Friday, May 28, 2021

Danny Ainge reacts to Kyrie Irving's remarks, calls Celtics fans 'very respectful'

With the Celtics trailing the Brooklyn Nets 0-2 in their best-of-7 first round matchup, Jayson Tatum (eye) and Kemba Walker (bone bruise) are both expected to play Friday night in Game 3.

Following Boston's blowout loss in Game 2, the series now shifts to the TD Garden -- where All-Star and former Celtic Kyrie Irving hasn't played in front of fans since leaving as a free agent in 2019.

The Nets guard's response when asked about his return to the Garden with actual fans being in attendance, has been the subject of conversations nationwide over the past few days. 
"It's not my first time being an opponent in Boston," Irving said following Game 2 Tuesday night. "So I'm just looking forward to competing with my teammates and hopefully we can just keep it strictly basketball, there's no belligerence or any racism going on -- subtle racism and people yelling shit from the crowd. But even if it is, that's just the nature of the game, and we're just going to focus on what we can control."
"I'm not the only one who could attest to this," Irving added when ESPN's Rachel Nichols asked if he had experienced racism in Boston before. "It is what it is."
Danny Ainge was asked during his weekly radio interview on Thursday morning, if he fears Irving's comments would have a bad influence when it comes to a certain perception of the city of Boston and playing for the Celtics from NBA players' and potential free agents' point of view.
"I think that everybody's influencing somebody," Ainge explained on 98.5 The Sports Hub's Toucher & Rich. "So yeah, I think that there's – my fear is that could possibly happen. But I think that our players, and players that have played here in the past, all have their experiences to share, and that's just one player."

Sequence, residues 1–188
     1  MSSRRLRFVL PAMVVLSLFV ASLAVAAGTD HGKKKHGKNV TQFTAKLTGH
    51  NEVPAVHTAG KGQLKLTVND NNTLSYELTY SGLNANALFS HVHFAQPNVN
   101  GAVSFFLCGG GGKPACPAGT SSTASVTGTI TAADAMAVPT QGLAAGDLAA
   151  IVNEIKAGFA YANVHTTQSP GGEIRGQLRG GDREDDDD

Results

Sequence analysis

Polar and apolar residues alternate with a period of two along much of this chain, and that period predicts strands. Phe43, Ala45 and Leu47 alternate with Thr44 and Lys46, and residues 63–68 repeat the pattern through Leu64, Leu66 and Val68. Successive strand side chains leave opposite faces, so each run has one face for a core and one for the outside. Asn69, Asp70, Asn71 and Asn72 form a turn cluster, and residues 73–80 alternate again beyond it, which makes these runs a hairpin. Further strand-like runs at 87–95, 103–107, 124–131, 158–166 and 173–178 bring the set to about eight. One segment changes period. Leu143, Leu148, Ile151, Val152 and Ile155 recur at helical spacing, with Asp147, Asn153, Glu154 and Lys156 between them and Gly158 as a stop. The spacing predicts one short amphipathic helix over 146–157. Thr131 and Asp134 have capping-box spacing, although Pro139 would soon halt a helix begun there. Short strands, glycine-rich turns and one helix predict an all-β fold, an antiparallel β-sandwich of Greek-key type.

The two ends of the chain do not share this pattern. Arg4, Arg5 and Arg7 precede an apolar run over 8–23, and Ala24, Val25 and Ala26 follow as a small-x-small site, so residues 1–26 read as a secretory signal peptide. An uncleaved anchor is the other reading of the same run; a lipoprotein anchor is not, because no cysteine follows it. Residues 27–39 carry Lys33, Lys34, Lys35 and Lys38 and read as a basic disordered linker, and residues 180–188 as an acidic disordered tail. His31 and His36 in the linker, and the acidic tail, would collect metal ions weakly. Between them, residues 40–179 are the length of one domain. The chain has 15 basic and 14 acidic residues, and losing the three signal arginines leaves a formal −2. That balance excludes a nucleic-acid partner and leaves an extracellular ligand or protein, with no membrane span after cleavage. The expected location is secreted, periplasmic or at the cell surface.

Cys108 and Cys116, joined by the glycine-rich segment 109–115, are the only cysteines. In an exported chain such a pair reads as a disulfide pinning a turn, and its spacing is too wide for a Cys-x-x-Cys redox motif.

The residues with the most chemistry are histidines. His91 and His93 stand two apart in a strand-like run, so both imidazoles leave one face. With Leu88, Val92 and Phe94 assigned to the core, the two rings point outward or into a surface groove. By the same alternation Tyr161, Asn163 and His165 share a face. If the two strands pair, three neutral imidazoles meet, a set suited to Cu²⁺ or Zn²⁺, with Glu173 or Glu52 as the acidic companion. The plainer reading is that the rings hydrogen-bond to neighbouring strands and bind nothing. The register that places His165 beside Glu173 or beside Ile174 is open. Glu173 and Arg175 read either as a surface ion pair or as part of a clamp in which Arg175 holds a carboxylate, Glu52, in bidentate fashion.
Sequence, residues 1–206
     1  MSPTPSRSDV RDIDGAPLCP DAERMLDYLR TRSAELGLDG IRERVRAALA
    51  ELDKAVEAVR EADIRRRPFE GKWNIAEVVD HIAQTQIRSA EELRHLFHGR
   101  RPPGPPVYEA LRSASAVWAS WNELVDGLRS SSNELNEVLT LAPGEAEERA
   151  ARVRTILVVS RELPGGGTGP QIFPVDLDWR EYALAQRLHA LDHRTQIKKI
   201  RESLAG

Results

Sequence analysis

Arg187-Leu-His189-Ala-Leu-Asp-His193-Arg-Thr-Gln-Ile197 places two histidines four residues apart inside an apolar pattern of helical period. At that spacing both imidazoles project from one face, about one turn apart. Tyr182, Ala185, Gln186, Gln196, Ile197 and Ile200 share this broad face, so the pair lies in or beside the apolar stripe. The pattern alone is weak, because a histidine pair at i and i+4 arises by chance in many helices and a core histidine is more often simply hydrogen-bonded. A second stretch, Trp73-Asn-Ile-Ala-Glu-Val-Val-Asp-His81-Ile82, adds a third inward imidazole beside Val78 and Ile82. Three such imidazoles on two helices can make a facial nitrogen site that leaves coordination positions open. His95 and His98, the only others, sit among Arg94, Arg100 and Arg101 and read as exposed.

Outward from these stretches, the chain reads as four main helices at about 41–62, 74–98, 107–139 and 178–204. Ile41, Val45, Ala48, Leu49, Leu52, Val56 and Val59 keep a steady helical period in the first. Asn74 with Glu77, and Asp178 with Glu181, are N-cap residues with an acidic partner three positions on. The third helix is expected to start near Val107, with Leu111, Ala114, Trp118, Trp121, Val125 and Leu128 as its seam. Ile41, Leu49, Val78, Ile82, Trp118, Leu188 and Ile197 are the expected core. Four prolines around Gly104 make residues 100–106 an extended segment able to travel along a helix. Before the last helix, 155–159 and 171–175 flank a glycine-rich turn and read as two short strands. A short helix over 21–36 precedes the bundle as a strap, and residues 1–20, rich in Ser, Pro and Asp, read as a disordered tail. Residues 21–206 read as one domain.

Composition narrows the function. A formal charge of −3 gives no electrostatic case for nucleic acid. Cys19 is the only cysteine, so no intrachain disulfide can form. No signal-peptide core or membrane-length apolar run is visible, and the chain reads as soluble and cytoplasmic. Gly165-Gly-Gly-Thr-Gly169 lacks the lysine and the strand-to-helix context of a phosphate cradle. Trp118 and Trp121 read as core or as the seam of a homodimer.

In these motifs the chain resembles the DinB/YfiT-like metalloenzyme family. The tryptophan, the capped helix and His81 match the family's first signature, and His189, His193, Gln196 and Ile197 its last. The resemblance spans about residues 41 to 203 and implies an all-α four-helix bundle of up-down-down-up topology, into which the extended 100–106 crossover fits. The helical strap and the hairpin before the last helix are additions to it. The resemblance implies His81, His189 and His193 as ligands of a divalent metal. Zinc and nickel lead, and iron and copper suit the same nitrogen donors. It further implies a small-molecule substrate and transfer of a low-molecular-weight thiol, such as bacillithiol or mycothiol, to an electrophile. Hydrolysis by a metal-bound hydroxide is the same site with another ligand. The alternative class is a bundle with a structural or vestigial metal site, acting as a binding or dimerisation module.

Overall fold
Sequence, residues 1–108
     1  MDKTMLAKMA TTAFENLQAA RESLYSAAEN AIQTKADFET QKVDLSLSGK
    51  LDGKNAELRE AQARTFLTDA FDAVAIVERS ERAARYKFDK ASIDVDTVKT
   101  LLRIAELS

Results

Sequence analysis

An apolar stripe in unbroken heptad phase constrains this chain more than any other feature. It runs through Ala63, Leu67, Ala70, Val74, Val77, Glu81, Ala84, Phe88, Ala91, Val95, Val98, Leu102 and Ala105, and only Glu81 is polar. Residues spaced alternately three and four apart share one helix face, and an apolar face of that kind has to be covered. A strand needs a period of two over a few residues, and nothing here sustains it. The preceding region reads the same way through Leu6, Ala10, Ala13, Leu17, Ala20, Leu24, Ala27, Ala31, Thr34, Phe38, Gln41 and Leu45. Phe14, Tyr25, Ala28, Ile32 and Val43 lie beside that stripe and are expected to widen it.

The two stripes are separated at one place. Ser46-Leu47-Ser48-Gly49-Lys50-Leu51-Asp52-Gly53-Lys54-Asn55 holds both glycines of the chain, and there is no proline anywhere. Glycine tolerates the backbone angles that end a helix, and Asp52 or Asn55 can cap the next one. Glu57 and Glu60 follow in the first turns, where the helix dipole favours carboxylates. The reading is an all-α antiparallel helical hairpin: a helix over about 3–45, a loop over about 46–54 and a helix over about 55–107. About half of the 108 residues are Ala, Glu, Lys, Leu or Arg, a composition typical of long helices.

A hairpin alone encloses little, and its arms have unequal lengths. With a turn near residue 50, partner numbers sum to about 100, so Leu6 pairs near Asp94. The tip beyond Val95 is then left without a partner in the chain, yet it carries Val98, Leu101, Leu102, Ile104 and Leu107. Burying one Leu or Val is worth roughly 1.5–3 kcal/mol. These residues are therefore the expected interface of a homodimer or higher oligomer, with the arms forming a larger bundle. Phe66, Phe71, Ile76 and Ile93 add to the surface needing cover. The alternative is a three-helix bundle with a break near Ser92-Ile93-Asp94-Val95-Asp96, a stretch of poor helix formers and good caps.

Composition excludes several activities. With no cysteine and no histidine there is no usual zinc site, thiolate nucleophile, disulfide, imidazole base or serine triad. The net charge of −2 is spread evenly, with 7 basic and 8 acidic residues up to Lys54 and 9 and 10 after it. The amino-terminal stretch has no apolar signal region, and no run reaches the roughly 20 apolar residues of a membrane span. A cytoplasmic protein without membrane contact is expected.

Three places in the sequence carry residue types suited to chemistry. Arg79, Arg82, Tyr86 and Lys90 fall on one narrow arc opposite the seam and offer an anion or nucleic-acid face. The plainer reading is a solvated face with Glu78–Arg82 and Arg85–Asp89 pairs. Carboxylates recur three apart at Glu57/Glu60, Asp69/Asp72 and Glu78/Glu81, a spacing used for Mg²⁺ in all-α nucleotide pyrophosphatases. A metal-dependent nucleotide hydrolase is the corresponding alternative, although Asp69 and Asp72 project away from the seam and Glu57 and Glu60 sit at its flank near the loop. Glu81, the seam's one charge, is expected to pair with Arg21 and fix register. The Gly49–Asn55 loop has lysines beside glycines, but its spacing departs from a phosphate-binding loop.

"Quite honestly I've never heard any of it," Ainge added. "I’m not saying the city of Boston, I'm saying the downtown or the TD Garden…I think our fans are very respectful."
While acknowledging there have been multiple incidents that the Celtics have dealt with over the past few years, coach Brad Stevens also denied ever being approached by Irving or anyone one else about accusations of racism, but also realizes that those could have been kept private.
"I certainly take any comments like that very seriously," Stevens said Wednesday on 98.5's Zolak & Bertrand. "I don't know what context [Irving] was discussing there. But I know that the Garden, I know that the Celtics, I know that the NBA, is very alert to making sure that our fans don't cross the line. I think that's really important. People shouldn't ever feel like they're being discriminated against. I think everybody is dialed into that.

"That's happened maybe once or twice since I've been here, and it was dealt with immediately. But maybe it's happened and guys haven't talked about it. Certainly Kyrie has never mentioned anything to me about it, but that doesn't mean it didn't happen, and I think those things should always be taken very seriously."
When it comes to the Celtics early commitment to diversity in the 1950's, Ainge agrees while that played a major factor for the franchise, it's something that isn't necessarily mentioned in conversations when referencing to the history of Boston sports.
"I mean first Black player, first Black coach, first Black starting five," Ainge noted. "I think that our history is pretty good when it comes to that as far as the Boston Celtics are concerned."
The Celtics host the Nets tonight in front a 25% crowd at the Garden, while Sunday's Game 4 is expected to increase to "near full capacity" for Irving to finally play in front of. 

Joel Pavón

Photo used courtesy of The Associated Press

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